It took two days and 10 calls to 911 before an ambulance arrived at Curtis Mitchell's home in Hazelwood, Pennsylvania. By then, he wasn't breathing and was cold to the touch. Paramedics tried to revive him, but it was too late. City officials blame snow covered-roads and a large volume of calls for their failure to reach Mitchell—who was complaining of abdominal pains—sooner. After three of the calls, ambulances got to within blocks of his home, close enough for those inside to see them. Officials say the snow made it impossible to get closer and they asked Mitchell to walk out to meet paramedics but he couldn't. No word on why they didn't walk the rest of the way to get him.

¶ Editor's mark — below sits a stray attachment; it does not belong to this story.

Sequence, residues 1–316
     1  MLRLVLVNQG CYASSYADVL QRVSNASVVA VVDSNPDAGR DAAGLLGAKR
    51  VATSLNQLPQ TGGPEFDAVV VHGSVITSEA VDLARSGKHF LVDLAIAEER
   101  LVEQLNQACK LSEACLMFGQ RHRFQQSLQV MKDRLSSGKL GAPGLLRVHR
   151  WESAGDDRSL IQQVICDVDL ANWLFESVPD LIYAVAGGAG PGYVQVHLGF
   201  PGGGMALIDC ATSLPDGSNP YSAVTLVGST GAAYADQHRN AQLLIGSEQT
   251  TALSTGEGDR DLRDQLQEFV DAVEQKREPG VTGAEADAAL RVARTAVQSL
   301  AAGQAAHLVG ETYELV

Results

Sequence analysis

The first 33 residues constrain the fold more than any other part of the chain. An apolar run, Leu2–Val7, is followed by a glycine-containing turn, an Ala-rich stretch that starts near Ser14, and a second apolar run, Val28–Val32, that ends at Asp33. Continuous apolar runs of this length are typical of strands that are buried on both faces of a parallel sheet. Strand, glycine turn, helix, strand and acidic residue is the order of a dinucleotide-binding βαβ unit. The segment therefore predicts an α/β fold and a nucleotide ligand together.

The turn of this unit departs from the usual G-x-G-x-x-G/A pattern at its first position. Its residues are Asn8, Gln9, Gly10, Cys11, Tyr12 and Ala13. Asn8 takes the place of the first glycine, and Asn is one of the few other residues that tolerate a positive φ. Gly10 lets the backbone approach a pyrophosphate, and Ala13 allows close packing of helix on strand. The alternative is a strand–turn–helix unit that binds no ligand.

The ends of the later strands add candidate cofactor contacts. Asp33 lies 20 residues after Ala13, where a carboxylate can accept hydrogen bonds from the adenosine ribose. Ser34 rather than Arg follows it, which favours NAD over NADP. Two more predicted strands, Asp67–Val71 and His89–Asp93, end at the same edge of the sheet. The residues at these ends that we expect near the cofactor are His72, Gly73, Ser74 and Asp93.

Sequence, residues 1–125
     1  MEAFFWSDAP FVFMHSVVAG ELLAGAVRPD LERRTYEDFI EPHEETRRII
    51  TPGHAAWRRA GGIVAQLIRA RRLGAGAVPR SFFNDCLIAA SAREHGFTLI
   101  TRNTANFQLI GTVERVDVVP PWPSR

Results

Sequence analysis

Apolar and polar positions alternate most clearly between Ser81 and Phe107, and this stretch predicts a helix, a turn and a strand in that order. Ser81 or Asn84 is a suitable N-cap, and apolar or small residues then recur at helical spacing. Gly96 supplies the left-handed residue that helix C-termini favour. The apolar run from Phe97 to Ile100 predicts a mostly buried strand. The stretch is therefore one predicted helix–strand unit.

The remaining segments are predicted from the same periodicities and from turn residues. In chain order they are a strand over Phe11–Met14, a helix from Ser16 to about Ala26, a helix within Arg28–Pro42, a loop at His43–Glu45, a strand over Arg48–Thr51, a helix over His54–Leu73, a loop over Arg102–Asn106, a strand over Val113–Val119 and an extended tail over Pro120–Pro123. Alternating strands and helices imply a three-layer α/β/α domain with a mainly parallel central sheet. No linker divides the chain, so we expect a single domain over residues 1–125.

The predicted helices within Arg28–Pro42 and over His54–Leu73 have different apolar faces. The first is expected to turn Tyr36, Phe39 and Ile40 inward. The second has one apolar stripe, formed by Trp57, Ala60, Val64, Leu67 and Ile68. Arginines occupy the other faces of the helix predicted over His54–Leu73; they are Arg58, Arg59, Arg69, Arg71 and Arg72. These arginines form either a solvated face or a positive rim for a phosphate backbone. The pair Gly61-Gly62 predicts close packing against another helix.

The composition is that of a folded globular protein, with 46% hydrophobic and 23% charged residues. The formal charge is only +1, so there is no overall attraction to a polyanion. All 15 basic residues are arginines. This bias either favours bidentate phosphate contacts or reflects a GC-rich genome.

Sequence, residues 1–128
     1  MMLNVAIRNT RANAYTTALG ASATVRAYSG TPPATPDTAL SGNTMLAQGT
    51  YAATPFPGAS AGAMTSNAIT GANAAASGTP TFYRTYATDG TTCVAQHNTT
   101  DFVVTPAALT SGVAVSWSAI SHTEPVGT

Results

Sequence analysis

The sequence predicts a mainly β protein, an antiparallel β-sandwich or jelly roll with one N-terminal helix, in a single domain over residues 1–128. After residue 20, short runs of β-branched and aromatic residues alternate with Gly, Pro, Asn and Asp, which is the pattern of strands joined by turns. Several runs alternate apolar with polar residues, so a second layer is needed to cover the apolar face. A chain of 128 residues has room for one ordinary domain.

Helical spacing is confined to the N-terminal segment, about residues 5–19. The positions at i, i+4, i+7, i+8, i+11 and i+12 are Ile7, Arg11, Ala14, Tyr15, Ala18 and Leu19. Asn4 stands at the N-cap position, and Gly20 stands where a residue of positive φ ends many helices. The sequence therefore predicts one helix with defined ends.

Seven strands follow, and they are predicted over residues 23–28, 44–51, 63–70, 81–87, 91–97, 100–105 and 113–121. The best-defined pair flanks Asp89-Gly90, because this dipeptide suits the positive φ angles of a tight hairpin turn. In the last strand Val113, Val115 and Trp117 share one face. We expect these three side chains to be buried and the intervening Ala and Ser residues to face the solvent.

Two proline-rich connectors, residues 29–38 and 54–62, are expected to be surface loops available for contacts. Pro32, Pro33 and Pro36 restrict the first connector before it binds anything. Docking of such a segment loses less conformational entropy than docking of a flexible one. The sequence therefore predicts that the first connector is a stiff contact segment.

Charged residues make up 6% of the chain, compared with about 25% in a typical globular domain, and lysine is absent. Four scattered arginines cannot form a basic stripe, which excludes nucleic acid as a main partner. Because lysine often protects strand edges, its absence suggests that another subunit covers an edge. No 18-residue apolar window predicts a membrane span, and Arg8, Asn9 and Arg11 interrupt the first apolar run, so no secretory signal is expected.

Clint Eastwood's masterful true-life drama about a wrongly accused American hero doubles as an awkward brief for Trump.
Teen activists are righteously angry—but righteous anger does not produce sound public policy.
Wisconsin College Spent $100K Investigating Instructor for Allegedly Saying Police Department Was 'Full of Racists'
The investigation was launched after the local police chief complained and reached out to the Wisconsin Department of Justice.
Want the Government To 'Defend Families' From Porn? Child Protective Services Should Be a Cautionary Tale
The new right naively thinks a government more empowered to "protect children" would be good for families. Nope.